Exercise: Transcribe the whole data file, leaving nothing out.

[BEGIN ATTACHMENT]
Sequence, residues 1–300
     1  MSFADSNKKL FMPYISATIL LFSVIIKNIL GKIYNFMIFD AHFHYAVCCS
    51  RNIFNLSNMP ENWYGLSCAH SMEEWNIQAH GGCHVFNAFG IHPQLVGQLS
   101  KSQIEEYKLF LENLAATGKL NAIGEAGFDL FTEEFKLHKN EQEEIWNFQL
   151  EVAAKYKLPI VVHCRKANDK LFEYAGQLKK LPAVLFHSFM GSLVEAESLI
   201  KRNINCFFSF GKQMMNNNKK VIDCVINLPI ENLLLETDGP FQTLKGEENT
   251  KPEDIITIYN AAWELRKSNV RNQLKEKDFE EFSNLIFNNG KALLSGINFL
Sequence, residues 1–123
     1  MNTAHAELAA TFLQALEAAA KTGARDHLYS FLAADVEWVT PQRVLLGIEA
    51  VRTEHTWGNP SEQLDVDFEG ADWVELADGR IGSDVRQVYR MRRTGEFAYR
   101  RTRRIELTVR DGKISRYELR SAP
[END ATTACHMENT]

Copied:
Sequence, residues 1–300
     1  MSFADSNKKL FMPYISATIL LFSVIIKNIL GKIYNFMIFD AHFHYAVCCS
    51  RNIFNLSNMP ENWYGLSCAH SMEEWNIQAH GGCHVFNAFG IHPQLVGQLS
   101  KSQIEEYKLF LENLAATGKL NAIGEAGFDL FTEEFKLHKN EQEEIWNFQL
   151  EVAAKYKLPI VVHCRKANDK LFEYAGQLKK LPAVLFHSFM GSLVEAESLI
   201  KRNINCFFSF GKQMMNNNKK VIDCVINLPI ENLLLETDGP FQTLKGEENT
   251  KPEDIITIYN AAWELRKSNV RNQLKEKDFE EFSNLIFNNG KALLSGINFL
Sequence, residues 1–123
     1  MNTAHAELAA TFLQALEAAA KTGARDHLYS FLAADVEWVT PQRVLLGIEA
    51  VRTEHTWGNP SEQLDVDFEG ADWVELADGR IGSDVRQVYR MRRTGEFAYR
   101  RTRRIELTVR DGKISRYELR SAP